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Rise in childhood obesity is ‘no surprise’, says RCN

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The latest rise in the prevalence of obesity among primary school children is “no surprise”, because “vital” public health nursing roles are under threat, according to the Royal College of Nursing.

Data published yesterday by NHS Digital from the National Child Measurement Programme revealed an increase in obesity prevalence in primary schools in England.

“With these vital nursing roles under threat it is no surprise that this problem is yet to improve”

Fiona Smith

The prevalence of obesity has risen from 9.1% in 2014-15 to 9.3% in 2015-16 for children in reception (aged 4-5 years) and from 19.1% to 19.8% for those in year six (aged 10-11 years)

The data also shows that obesity prevalence was more than twice as high in year six, compared to reception.

In addition, it revealed that 34.2% of children in year six was either overweight or obese in 2015-16 and 22.1% was overweight or obese in reception year.

The National Child Measurement Programme was launched in 2005-06 and measures the height and weight of over one million children in England annually.

“It is not an understatement to say we are entering a state of emergency”

Russell Viner

It provides “robust data” on which reception and year six children are underweight, healthy weight, overweight or obese. There was a 95% participation rate among schools in 2015-16.

Regional data included in NHS Digital’s 2015-16 report on the programme also shows how obesity prevalence varies by local authority.

Richmond upon Thames had the lowest figure for reception at 5.1%, compared to 14.7% in Middlesbrough, which had the highest.

In 2015-16, Richmond upon Thames also had the lowest obesity prevalence in year six with 11% and Barking and Dagenham had the highest with 28.5%.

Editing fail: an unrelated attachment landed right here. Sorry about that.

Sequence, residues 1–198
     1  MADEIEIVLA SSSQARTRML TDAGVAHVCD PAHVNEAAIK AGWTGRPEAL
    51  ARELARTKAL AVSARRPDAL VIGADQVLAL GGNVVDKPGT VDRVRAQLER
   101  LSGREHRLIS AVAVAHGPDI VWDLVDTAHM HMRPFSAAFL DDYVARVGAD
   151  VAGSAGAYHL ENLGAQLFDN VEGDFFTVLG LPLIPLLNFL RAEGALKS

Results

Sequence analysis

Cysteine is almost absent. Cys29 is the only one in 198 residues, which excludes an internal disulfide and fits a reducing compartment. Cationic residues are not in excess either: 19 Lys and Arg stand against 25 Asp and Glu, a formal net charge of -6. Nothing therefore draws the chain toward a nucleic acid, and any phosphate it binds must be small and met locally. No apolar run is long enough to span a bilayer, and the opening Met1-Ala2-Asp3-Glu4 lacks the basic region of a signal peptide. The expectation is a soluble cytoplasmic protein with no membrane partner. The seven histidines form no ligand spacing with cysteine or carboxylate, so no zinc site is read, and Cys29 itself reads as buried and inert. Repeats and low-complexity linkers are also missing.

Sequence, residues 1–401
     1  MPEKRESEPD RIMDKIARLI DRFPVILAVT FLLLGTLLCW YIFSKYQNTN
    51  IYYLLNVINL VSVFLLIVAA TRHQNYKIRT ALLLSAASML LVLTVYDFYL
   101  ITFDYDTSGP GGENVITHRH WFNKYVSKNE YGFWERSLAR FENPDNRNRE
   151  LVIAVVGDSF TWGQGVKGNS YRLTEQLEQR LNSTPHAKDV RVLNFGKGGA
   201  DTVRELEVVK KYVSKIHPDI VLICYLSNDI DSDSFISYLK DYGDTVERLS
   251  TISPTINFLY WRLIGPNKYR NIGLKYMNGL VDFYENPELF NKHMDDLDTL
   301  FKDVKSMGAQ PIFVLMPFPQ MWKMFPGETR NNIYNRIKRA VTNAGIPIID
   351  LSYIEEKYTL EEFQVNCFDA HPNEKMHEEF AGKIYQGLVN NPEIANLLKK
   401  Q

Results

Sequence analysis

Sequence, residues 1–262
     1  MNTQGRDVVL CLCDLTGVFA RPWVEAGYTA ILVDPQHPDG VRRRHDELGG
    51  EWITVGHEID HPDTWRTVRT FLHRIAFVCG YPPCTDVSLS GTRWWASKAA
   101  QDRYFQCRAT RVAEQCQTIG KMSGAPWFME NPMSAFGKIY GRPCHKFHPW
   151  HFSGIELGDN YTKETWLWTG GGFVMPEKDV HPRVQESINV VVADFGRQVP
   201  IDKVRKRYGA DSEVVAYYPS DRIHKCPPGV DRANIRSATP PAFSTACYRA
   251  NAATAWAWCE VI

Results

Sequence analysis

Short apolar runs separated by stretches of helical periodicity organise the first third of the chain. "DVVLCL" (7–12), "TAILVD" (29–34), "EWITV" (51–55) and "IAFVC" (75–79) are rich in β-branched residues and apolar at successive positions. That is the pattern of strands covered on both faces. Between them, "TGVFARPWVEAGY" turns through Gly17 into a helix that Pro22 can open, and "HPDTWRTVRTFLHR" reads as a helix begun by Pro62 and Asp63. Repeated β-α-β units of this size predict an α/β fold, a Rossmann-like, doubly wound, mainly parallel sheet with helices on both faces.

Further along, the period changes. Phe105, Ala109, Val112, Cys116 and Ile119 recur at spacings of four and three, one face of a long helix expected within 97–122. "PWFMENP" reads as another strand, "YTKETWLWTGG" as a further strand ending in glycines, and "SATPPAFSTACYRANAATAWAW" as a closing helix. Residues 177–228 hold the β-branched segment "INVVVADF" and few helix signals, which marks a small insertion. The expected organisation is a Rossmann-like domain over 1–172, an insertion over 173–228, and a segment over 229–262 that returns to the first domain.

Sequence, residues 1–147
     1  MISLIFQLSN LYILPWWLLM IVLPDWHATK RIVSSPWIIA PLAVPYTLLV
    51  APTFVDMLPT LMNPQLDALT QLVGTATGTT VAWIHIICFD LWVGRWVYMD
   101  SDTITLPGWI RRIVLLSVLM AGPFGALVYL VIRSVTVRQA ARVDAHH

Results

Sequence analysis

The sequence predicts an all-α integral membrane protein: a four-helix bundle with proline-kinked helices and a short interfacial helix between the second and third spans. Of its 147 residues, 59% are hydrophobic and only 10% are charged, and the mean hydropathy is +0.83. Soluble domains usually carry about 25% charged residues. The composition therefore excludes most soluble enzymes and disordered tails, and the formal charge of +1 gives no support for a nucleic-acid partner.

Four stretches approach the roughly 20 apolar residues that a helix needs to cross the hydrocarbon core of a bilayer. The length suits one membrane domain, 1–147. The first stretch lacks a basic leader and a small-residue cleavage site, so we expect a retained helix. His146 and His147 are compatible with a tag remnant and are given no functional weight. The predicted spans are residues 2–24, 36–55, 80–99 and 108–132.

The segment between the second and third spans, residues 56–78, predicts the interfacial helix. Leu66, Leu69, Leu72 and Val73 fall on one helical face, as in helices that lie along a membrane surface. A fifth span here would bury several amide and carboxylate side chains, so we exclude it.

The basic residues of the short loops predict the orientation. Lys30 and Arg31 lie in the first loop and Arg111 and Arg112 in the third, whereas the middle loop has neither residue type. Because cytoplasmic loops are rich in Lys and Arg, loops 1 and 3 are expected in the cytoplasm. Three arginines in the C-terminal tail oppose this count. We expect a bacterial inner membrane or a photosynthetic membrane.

In addition, the 2015-16 report showed obesity prevalence for children in reception living in the most deprived areas was more than double that of those living in the least deprived areas – 12.5% versus 5.5%.

child obesity

182-child obesity


Meanwhile, in year six, 26% of children living in the most deprived areas were obese, compared to 11.7% in the least deprived areas.

The difference in obesity prevalence between children attending schools in the most and least deprived areas has also increased over time, noted NHS Digital’s report.

The difference for reception was 6.2 percentage points in 2015-16, compared to 4.6 in 2007-08, and the equivalent figures for year six were 12.4 in 2015-16 and 8.9 percentage points in 2007-08.

Obesity prevalence was higher for boys in both age groups, noted the report. In reception, 9.6% of boys and 9% of girls were classified as obese. In year six, it was 21.7% of boys and 17.9% of girls.

Paul Niblett, NHS Digital’s responsible statistician for the data, said: “This report is a valuable source of information for parents, policy makers and health professionals and these findings show where improvements to children’s health can be made.”

Fiona Smith, the Royal College of Nursing’s professional lead for children and young people’s nursing, said: “Childhood obesity has been a problem for some years now, and it is alarming that despite widespread awareness, rates continue to rise.

“The work of health visitors, school nurses and many other roles is aimed at encouraging healthy lifestyles, but with these vital nursing roles under threat it is no surprise that this problem is yet to improve,” she said, referring to council plans in some areas that will see changes and reductions in such roles.

“As obesity rates continue to soar it has never been more urgent for the government to step in. The Childhood Obesity Plan includes some sensible steps, but it does not outline the dramatic action needed to tackle a national crisis,” said Ms Smith.

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Fiona Smith

She added: “The right strategy and the right staff are critical if we are to reverse this trend of childhood obesity – and its terrible consequences.”

Professor Russell Viner, officer for health promotion at the Royal College of Paediatrics and Child Health, said: “These latest statistics act as a stark reminder as to just how serious the UK’s obesity problem is. It is not an understatement to say we are entering a state of emergency.”

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